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Cedar Rapids Gazette Newspaper Archive: December 7, 1974 - Page 1

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Publication: Cedar Rapids Gazette

Location: Cedar Rapids, Iowa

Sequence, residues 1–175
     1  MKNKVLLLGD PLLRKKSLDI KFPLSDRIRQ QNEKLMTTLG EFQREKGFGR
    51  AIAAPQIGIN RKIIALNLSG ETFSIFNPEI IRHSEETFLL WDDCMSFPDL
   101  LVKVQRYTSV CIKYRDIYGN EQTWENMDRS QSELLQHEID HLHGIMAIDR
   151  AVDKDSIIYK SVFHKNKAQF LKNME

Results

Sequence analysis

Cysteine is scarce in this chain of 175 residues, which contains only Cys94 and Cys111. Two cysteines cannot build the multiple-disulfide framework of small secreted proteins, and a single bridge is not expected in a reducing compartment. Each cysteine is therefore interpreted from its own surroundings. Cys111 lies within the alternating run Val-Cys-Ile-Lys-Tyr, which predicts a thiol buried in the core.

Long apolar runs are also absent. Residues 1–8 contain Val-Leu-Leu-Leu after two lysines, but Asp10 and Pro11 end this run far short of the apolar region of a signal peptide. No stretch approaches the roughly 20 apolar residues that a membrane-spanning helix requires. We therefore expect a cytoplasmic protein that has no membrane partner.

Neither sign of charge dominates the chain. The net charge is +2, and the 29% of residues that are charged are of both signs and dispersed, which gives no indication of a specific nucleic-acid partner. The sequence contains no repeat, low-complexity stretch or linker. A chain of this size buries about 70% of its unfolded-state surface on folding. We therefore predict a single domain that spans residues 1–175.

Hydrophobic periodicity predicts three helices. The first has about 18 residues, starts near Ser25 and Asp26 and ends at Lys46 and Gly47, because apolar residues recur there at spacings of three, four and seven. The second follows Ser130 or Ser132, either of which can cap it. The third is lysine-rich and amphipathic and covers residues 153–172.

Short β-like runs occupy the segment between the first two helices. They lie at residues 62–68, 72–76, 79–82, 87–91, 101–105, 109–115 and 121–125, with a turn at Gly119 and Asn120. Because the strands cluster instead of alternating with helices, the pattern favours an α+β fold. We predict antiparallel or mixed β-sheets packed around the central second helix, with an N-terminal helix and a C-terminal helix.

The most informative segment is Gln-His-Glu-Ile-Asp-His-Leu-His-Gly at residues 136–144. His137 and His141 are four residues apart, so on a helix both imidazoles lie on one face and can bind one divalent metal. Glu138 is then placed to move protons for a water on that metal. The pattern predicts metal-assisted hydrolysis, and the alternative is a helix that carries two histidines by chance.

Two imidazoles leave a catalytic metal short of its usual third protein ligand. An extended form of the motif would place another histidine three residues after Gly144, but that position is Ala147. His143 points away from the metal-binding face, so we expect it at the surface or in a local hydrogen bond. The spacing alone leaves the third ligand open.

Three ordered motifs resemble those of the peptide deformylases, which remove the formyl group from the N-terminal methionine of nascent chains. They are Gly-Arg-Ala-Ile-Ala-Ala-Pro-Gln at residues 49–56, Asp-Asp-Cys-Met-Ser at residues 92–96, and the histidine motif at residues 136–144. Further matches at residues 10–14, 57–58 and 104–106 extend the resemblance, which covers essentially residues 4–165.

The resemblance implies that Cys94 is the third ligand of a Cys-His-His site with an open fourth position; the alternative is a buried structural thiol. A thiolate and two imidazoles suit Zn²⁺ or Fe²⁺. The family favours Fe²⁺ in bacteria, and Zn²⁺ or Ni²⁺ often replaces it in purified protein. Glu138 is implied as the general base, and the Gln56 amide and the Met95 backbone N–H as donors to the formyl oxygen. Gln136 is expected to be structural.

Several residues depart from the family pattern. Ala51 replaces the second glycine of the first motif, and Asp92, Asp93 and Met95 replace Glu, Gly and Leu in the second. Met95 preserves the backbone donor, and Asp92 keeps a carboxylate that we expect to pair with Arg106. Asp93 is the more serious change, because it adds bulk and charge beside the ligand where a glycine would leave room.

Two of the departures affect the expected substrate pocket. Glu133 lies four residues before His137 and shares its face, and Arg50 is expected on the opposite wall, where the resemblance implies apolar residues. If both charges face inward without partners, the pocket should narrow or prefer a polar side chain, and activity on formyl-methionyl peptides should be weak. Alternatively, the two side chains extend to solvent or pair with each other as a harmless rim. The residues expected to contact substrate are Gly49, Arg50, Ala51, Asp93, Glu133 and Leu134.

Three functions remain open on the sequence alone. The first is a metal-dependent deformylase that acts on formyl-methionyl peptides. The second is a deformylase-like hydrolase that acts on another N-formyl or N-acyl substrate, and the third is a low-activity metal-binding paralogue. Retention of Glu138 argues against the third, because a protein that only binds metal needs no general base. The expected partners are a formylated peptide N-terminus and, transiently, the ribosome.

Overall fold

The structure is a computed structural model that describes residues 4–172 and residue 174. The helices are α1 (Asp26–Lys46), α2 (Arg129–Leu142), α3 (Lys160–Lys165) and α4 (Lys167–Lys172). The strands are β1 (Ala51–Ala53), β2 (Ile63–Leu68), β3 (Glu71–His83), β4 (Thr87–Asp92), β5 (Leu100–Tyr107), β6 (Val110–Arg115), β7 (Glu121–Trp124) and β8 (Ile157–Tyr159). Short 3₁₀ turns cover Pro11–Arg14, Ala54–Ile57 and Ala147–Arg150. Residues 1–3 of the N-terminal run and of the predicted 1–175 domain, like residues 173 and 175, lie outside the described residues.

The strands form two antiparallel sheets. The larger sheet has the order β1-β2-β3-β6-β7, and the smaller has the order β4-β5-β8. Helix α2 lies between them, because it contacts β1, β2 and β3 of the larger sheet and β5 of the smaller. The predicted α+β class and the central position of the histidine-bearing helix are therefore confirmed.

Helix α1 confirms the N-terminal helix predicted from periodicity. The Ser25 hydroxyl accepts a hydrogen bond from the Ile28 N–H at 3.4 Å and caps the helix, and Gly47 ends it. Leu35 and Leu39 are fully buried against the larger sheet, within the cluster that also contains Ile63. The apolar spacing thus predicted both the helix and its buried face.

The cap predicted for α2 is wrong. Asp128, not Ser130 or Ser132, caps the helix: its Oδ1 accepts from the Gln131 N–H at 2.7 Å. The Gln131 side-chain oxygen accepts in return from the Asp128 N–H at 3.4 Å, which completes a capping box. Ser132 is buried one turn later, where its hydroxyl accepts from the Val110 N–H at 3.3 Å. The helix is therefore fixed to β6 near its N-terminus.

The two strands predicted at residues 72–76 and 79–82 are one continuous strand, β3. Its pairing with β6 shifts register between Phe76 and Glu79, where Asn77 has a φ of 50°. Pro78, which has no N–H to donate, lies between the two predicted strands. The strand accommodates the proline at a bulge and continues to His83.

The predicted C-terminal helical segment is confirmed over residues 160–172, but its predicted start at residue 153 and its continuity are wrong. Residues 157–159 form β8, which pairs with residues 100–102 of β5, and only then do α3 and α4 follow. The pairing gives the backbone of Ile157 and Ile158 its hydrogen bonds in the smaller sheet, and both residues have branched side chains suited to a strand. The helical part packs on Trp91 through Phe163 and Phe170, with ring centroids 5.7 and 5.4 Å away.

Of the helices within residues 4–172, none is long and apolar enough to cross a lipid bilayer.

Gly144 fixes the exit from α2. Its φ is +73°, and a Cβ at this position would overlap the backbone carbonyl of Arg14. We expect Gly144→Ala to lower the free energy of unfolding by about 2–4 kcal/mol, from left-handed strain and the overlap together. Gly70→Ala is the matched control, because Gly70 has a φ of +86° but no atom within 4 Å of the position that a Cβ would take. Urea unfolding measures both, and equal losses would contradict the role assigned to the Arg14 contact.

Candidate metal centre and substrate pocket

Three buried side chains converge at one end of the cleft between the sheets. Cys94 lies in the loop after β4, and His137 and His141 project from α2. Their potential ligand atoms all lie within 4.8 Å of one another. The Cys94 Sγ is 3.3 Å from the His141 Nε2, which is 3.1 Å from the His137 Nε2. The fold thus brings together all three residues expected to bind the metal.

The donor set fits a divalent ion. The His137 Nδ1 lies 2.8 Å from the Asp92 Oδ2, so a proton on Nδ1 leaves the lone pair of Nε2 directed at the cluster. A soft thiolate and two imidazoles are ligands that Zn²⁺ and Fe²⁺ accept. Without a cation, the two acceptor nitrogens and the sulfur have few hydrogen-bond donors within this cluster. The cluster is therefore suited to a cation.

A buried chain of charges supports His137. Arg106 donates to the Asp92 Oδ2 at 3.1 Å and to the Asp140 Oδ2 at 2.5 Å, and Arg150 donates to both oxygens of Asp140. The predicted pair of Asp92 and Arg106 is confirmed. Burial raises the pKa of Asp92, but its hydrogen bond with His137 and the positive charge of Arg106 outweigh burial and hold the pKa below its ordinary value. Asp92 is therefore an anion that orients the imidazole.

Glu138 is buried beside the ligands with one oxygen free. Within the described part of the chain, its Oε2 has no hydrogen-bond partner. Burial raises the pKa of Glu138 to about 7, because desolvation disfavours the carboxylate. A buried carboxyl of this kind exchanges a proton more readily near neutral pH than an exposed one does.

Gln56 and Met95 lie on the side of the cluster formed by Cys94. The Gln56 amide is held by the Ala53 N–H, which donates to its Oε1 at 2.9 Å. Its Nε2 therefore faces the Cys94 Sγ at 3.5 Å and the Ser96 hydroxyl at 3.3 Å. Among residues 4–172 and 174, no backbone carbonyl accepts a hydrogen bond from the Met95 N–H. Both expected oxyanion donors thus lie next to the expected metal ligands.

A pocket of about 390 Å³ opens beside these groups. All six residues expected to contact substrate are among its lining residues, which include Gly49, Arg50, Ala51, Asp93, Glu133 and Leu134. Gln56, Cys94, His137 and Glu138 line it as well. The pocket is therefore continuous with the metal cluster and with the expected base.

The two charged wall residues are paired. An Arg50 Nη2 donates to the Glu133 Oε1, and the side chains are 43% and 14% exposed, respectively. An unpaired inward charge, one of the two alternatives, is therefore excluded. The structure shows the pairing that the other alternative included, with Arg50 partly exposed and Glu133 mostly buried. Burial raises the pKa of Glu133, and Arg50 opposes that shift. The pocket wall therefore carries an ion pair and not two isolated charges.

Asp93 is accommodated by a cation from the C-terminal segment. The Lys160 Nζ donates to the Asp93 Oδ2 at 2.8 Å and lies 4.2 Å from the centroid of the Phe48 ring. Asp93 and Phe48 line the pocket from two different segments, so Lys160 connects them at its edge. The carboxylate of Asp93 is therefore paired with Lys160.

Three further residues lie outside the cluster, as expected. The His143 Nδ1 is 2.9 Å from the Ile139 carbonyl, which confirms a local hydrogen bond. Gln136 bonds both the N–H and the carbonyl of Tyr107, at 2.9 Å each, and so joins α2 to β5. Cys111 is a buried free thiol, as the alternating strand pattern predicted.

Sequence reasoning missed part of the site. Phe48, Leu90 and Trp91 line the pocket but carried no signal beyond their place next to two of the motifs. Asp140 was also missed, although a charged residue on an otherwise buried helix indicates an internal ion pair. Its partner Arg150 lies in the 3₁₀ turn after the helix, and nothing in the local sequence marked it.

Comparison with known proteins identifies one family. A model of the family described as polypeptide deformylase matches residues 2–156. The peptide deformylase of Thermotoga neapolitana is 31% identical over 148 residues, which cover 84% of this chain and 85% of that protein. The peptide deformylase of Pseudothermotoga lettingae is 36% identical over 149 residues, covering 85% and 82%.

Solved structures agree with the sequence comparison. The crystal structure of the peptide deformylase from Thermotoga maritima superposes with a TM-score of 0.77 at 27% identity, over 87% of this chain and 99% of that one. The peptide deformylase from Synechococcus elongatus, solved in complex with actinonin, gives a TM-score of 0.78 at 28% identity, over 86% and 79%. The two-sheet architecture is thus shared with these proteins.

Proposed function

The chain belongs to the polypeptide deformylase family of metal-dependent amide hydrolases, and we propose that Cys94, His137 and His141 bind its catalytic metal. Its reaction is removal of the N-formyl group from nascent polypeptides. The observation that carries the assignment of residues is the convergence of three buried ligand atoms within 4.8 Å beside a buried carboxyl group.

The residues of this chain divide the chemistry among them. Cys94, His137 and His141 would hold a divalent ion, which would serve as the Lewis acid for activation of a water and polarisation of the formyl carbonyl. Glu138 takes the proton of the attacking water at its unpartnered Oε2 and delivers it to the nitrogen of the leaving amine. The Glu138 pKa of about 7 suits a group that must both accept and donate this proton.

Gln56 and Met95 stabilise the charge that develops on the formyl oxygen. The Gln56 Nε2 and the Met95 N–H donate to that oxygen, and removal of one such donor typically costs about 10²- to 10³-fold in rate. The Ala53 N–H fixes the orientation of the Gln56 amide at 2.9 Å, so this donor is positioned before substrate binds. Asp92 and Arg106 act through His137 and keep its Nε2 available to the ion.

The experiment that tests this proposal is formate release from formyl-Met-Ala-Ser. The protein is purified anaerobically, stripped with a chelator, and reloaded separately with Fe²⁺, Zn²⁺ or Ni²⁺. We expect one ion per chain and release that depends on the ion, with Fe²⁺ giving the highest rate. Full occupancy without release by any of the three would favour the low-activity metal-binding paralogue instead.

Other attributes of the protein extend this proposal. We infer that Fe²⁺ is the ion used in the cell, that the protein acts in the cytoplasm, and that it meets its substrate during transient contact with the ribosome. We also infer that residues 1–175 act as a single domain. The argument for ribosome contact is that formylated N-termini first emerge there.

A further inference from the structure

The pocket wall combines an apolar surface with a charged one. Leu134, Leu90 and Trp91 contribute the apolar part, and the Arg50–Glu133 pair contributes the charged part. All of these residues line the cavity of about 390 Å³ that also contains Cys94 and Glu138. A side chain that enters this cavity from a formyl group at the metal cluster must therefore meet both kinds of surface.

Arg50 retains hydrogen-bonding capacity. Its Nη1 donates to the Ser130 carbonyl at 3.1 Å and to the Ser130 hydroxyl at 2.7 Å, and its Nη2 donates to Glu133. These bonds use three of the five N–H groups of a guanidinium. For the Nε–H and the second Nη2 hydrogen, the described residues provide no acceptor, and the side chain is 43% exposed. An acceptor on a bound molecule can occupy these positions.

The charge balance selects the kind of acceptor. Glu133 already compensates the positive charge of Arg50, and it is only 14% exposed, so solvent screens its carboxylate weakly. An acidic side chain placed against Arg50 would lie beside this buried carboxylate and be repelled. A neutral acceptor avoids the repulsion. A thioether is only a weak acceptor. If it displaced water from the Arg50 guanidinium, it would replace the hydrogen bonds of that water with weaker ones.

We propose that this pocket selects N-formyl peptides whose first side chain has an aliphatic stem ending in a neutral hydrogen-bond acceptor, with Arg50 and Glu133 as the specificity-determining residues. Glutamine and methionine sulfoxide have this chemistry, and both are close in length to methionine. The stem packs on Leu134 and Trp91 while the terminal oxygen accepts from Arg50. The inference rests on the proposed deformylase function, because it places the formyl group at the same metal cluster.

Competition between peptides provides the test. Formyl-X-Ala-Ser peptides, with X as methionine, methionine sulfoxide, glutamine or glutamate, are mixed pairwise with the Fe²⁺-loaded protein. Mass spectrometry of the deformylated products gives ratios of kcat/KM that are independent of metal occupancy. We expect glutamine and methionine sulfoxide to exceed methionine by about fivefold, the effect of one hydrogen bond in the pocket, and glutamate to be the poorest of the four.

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   Cedar Rapids Gazette (Newspaper) - December 7, 1974, Cedar Rapids, Iowa                                Weather- Mostly cloudy, colder tonight and Sunday. Chance of snow Hur- ries. Low 15-20. High Sunday in 20s. VOLUME 92 NUMBER 332 CITY FINAL 15 CENTS CEDAR RAPIDS, IOWA, SATURDAY, DECEMBER 7, 1974 ASSOCIATED PRESS, DPI, NEW YORK TIMES HAKARIOS AMNESTY PLEDGE Economic And Energy Aides Meel WASHINGTON (AP) Pres ident Ford called in his chie economic advisers Saturday join his 'top energy advisers review energy-related economi problems. There were indie: tions he would ask congress ito new anti-recession legislatio after reviewing the worsenin economic situation. Secretary of the Interio Rogers Morton was on th phone in the cabinet room the session began, asking Trea sury Secretary William Simo to join the group. It also wa expanded to include economi adviser Alan Greenspan. Orig nally it was to have been.wit Morton, Federal Energy Ac ministrator-designate Fran Zarb and other key energ; aides. Ford has ordered a full-seal energy policy .review amid re ports voluntary conservatio measures are proving inade quate in his battle against infla tion and efforts to cut down 01 oil imports. Resignation Talk Simon's unexpected appear ance came amid reports he may be considering resigning if Fore makes a major policy shift fight recession rather than infia tionary trends. Press Secretary Ron Nessei said no decisions were expectec from Saturday's meeting. major staff session on the en ergy problem is scheduled q Camp David next weekend! tc draft proposals for .Ford tt make in his State of the Union message. Ford added to his Salurda; schedule an afternoon meeting on the budget for fiscal 1976. Nessen said Friday the No- vember unemployment rate o 6.5 percent was "a source o great concern" to the Pres ident. The Federal Reserve Board took action to counter the reces- sion. It lowered from 8 to 7.75 percent the rate of interest i charges banks for borrowing in the New York and Philadelphia districts. Strongest Move The action, which will proba bly spread to the other Reserve districts, makes it easier for banks to borrow the money they need to lend sectors o the economy. 1 It was the strongest move so far in the Fed's effort to ease the money supply. In another economic develop- ment, the government's infla- tion watchdog agency urged food stores not to mark up the prices of items that have been placed on shelves. The plea from the Council on Wage and Price Stability result- ed from hearings held last month on the markup issue. Arrested for 19 31 Robbery GREENSBORO, N. C. (AP) The long arm of the law has reached back 43 years for Frank Smith, 68." A policeman investigating a minor traffic accident in which Smith was involved Friday dis- covered a warrant outstanding for him. Police said it accused him of highway robbery in a 57.25 theft on April It was not learned why the ease had not been disposed of. But since the crime is a felony to which .the statute of limita- tions doesn't apply, Smith was arrested. He was released on his own recognizance for trial next week. Ford Freeway LANSING, Mich. (AP) tye first public facility to be named President Ford, a freeway In western Michigan, will be dedicated Wednesday. "Stick to Drive for Reform" -MsGovern KANSAS CITY (AP) Sei George McGovern.told the Dem ocratic party Saturday to stic to its reform drive and extend to the nation's economic and p litical problems rather tha seek safety in a middle-of-th road political position. MeGovern's speech came a the Democratic mini conventio prepared to adopt the fir charter ever to govern a American political party. While he made no direct re erence to :the internal reform compromise, being sought party leaders, he spoke firm! in general terms against com promise that would thwai "years of struggle to open th closed doors of politics." There were increasing threa of walkout by black delegates the moment approached for f nally driving the 1972 quota sy: lem from party law. Renewed Threats Black leaders held an llth lour meeting with Party'Chair man Robert Strauss Frida night and came away with ri newed threats. One said Straus acted "like a plantation boss." The chief points of'contentio by Macks and women were section which 'banished quota Tom party rules and portions o document which woul make future credentials cha lenges more difficult. McGovern told the dele ;ates'that the recent Democrat c election victory was not mandate but rather presented challenge which the party coul not ignore without inviting d: saster. The 1972 presidential nominee vho suffered the party's wors defeat ever in a national elec ion in large part over party and national reform issues urged Democrats to stick ti eform. He added that the country now demands it. "Will Disserve" "If we seek only to .be a safe arty, if we seek the center foi Is own sake, we will disservi he .McGovern said 'We will disillusion voters igain. We will deserve to lose :ven if no one else deserves to vin. "The people have avoidec our more years of Nixon. They id not elect us to permit or over two more years o: lis policies. "Rather they asked us a sim ile thing, rare in. politics: To do vhat is right just because it i ae right thing to do. For our arty the way to keep power is spend it in the struggle for undamental reform." Seven-Point Program The Democrats' fire was all limed at the White House Fri- lay night as they unveiled even-point program which they r o m i s e d to push through ongress as a counter-attack to 'resident Ford's handling of the conomy. "The people want positive ac- ion in dealing with national Senate Democratic Vhip Robert Byrd said. "The democratic party must provide ositive action." "Our very survival may de- end on our ability to design nd carry out positive programs ecessary to overcome the eco- o m i c problems threatening House Speaker Carl Albert eclared. The'delegates then roared ap- roval of a resolution accusing ic administration of refusing to lake the strong remedial eps that are urgently needed nd that Americans are ready support." Low Mark Strauss gave Ford credit for ood intentions but said he had w marks on delivery. 'I think if we give him the adcrship he'll fall in rauss said at a news confer- nee. The program proposed by the emocrats includes across-the- oard controls which would ivcr not only wages and prices ut interest, profits and rente nd would be run by an agency nswerablc to congress. Other proposals were a public service jobs tax re- form and tax cuts for low-and- middle-income families, a na- tional health care program, a stringent energy conservation effort, better anti-trust and and re- vival of the depression-era Re- construction Finance Corpora- tion to help ailing businesses, coupled with lower interest rates and credit rationing. Pulled Out An early draft had also called for gasoline rationing as a last resort, but this was pulled out before the resolution was pre- sented to the delegates. However, Albert contended in Ms speech that "the American people are prepared to accept energy rationing if this becomes clearly necessary for the fairest and best use of our supplies and in order to reduce our depen- dence on foreign oil." The resolution was adopted by voice vote right on schedule after the allotted one-hour de- bate, although some delegates complained that it didn't cover this or that pet concern. Another major topic ot the rhetoric Friday night 'was the need to heal Democratic divi- sions. The delegates were re- minded of last month's election victories to prove the value of unity. "Launch Point" "Our actions here will affecl directly or indirectly, the oul :ome of the 1976 elections am hose Byrd said. And -louse Democratic Leade Thomas O'Neill called the con erence "the launch point foi he Democratic return to the Vhite House." "After the 1972 elections, nany said we were finished as he majority party of this na- Strauss said. "Tonight we :an say we have re-establishcc wr. great coalition of working amilies, minorities, labor, the armer and the business man and are now ready and able to erve the people of our great and.' The charter was the result ol ilmost two years' work by a pecial commission ordered by he 1972 convention. It codified he collection of rules which had [overned party affairs and in- orporated most of the reforms vhich the party has been pain- ully working on for six years. Key Provision One key provision buried the [uota system for representation f women, blacks, youth and ther minority groups in the makeup of national convention elegations. In place of the quotas came n "affirmative action" pro- ram which requires state par- es to recruit the under- epresented group? but doesn't udge the effort solely on the asis of numbers as the quota yslem had. Landslide Kills 12 JAKARTA, Indonesia (AP) welve villagers in central Java ere killed in a landslide trig- ired by heavy rains. Wlrepholo An unidentified Washington state delegate to the Democratic mini con- vention shows the effects of what must have been a long day in Kansas City. (More photos on picture page.) Will US, Give Grain? By Frank Nyc KANSAS CITY enough grain on world loday to feed its 500 'mil- lion starving people, mostly on the Indian subcontinent, U.S. Sen. Dick Clark of Iowa said Friday. The question is whether- the United States will take the lead jy pulling up at least one mil- ion tons of grain to ge't other nations lo commit the rest. Clark made the statement as a member of the "Rural Life in Jrban America" issues panel at .he Democratic charter conven- lon Friday afternoon. He told the nearly 200 dele gates present that it had been determined at a meeting of thi representatives of several na .ions at Rome last Friday lha .he 7.5 needed mngry feed the available about half of it in the Unitec States. It would take about billion ,o pay for it, Clark said, ant about million .to 'pay for million tons if the U.S. commit ed that much. Butz Objection But, he recalled, Agriculture Secretary Earl Butz had recent- y objected to that figure as icing too costly. Clark pointed oul that the en ire 7.5 million tons could be lurchased for less than the cosl if one Trident submarine anc hat the million for the U.S. would cost each citizen lightly more than 80 cents, or the equivalent of two packs There js cigarels or one drink, hand in the Tno 8ra'n would save at leas one million people.from starva tion, he said, and hundreds millions more from the physica and mental damage resultin from prolonged hunger. "We should take the lead b giving a small part of the grai Clark said, "lo our humanity to others." Panel Members Appearing on the panel wit! liim were Nebraska's Gov. J John Exon, who called for Butz resignation; .Minnesota Gov Wendell Anderson, Kentucky' former Gov. Edward Breathitt Washing! on's Congressmai Thomas Folcy and Chairmai Robert Partridge of the Na (ional Rural Electric Coopera live Assn. Clark was the only lowan tc appear on any of eight panel Ihat discussed subjecls ranging from law enforcement in the U.S. to this nation's role in the galaxy of governments on the international scene. The Iowa delegation caucusec Saturday morning lo plan slra tegy for the floor fighl cxpec led later in the day over wha the proposed new charier shoulc contain. million tons of grain world's now :mploye Error; Cost of .iving Was Overestimated WASHINGTON (AP) The urcau of Labor. Statistics says has overestimated the na- onal cost of living slightly for e last seven months because an employe's error. The error caused the con- umer price index to range om 0.1 lo 0.3 percent above its dual level, 'a labor department wkcsman said Friday. It was c first mistake the bureau has ad to correct since World war he added. Although relatively small, the rror will affect millions of orkers and retired persons hose salaries, pensions and ingc benefits arc linked to langcs in the index. The spokesman said the error ime about when the uniden- tified employe misread the "blue book" on used car prices compiled: by the National Au- tomobile Dealers Assn. Until'April, he said, the asso- ciation did not include air-condi- tioning in the prices of cars That month, the prices were changed to reflect the value of that item, but the employe failed to notice an explanatory footnote. The spokesman said the stat- istician discovered his error this week and recalculations began. The October index was in error by 0.3 percent, which an AFL-CIO economist said trans- lates roughly into one cent an hour in wages. The November index, comput- ed with the new information, is to be released Dec. 20. Particular Concern Of particular concern to Iowa delegates is the language to be adopled dealing with the methoc of selecting delegates to future national conventions. They want lo make sure that I keeps the process opeii so hat all elemenls and factions of the parly will have propor- ionale representation at future conventions. During the Saturday caucus t came out that Iowa was the inly slate to hold strictly to the 3uota syslem lised in 1872 lo in- ure minorily groups represen- ation on its national convention lelegalion. Today's Index Comics ......................6 Crossword ...................6 Church ...................3, 8 Daily Record................2 Deaths ......................2 Editorial Features...........4 Financial ..................11 Marlon ......................5 Movies......................7 Sports Television .9, Want Ads ................12-15 Also, that at this charter con yention Iowa's delegation has   22 as it refueled in the Persia gulf sheikdom of Dubai, the flew iti to Tunis and presse their- demands for. release fellow terrorists held in Egyp and. Holland. They executed the Germa when authorities tried to trie them into believing the lerro ists they .sought were alrcad at' the Tunis airport when fact they weren't. Later the Egyptian govern ment flew five terrorists Tunis and the Dutch govern ment flew two others to thi Tunisian capital. The surrendei of the plane followed. Joke on Juror Food Backfires PERU, Ind. (AP) Count; louncilman Bill Deeds, who is on jury duty, was present for council meeting that itook up thi appropriation for food catering edging and other jury expenses While it was being discussed Deeds jokingly observed tha 'the meals aren't very good." Thursday, while Deeds was serving on a 12-member jury 1 trays of food were delivera or lunch. Deeds got the 12th tray, whid leld only a newspaper clippinj jn the council meeting am Deeds' comment. Today's Chuckle December is the month when you try to keep your apart- ment at a temperature where, if it !were August, you'd com- plain about it to the landlord. Copyright Venezuela Nationalizing J. S. Ore Subsidiaries CARACAS (AP) President arlos Andres Perez announced aturday that on Jan. 1 the enezuelan government will na- onalize the iron ore mining in- jslry now operated by sub- diaries of U.S. Steel and Belh- chem Steel. The takeover, which has been i the planning stages for lonths, is expected to serve as model for the nationalization iter next year of the more im- ortanl oil industry. Perez said in a speech to ongress that compensation ould not exceed the net book alue of the iron mining hold- gs but gave no specific figure, ayment is to be made over 10 cars in government bonds at 7 crccnt interest. Argenis Gamboa, president of the Venezuelan Guayana Corp., a regional development agency, announced earlier that ml} lion would be paid Orinoco Min ing, the U.S. Steel subsidiary, and million to Iron Mines Co., which belongs lo Bethle- hem. Spokesmen for both compa- nies said at their headquarters in Pittsburgh that they were not surprised by the announcement. Neither company revealed the of its Venezuelan hold- U.S. produces about 87 million long tons of iron ore a year, or about two-thirds of the iron ore used by its steel in- dustry. Imports provide the rest, of which half come from Canada 21.6 million long tons last year followed by 13 mil- lion from Venezuela. value ings. The His Return To Cyprus Acclaimed NICOSIA, Cyprus (AP) .rchbishop Makarios returned Cyprus today after five months of exile and in a dra- matic balcony appearance told a roaring crowd of he vould grant amnesty to the men who plotted his overthrow .as resident. A large section of the, throng creamed disapproval, chanting 'EOKA-B murderers, try ry them." But Makarios held 'out his lands, appealing for'quiet, then aid, "Please, please, i absolve hem of all sin and grant them an amnesty in. the hope, that this vill bring about the desired con- cord and unity of our people." He also said he accept" a military solution im- posed.by the Turkish invaders. The record turnout of Greek Cypriots welcomed him with chants of "Makarios! Ma- Packed Solidly The square in front of the palace and all streets leading into it were packed solidly with people, their attention riveted on the black-robed figure on the balcony. Thousands more formed a jagged skyline, around the pal- ace, standing on.roofs and bal- conies of high-rise buildings as far as a half-mile away. Makarios was visibly moved. Tears streamed down-'his' face" during parts of his speech and iis voice broke frequently. "This is not the time lo set >ut my views on how the prob- cm should be he said. But he added, "We shall never accept a settlement in- wiving transfer of populations and amounting to the partition f the island. "We shall never recognize aits accomplis brought about by military operations. "Wants Talks" "We want talks with the Tur- ish Cypriots lo bridge our dif- erences It is possible to ind a way lo safeguard the ights of the Greeks and the nurks, their peaceful coexis- ence and cooperation for their mutual benefit and common welfare." Makarios spoke from beneath wo gaping shell holes in the acade of the seconds-floor bal- ony. The damage was caused n the fighting during the bloody uly coup that forced him ,to lee abroad after the plotters mnounced he was dead. "I was counted among the cad. And here I am among the Makarios said at the eginning of his speech. The crowd roared with laugh- ir and chanted in reply, "The unta is dead." Makarios landed at the British asc at Akroliri after a flight rom Greece. Full Alert The Greek armed forces and urkey's occupation troops had een placed.on full alert in'an- cipation of any trouble. No outsider was allowed on ic base to meet the archbishop xcept the deputy commander the U.N. peacekeeping force i Cyprus and two unidentified reek Cypriot civilian officials. Newsmen and aides Who ac- o m p a n i c d Makarios from thens were forced to remain in e plane as he disembarked, e immediately stepped aboard U.N. helicopter for the. short ight to Nicosia. Both the Greek andi Turkish mmunilies on Cyprus feared is return might trigger now ghting by extremists.'The pro- reck EOKA-B underground reatencd to renew fighting nless lie changes his policies. But the mood on the Island is jubilant. Crowds of Greek Tirlols hung banners saying: Makarios, symbol of democrn- and peace." Tho government, now headed (Continued: Page 2, Col. 7.)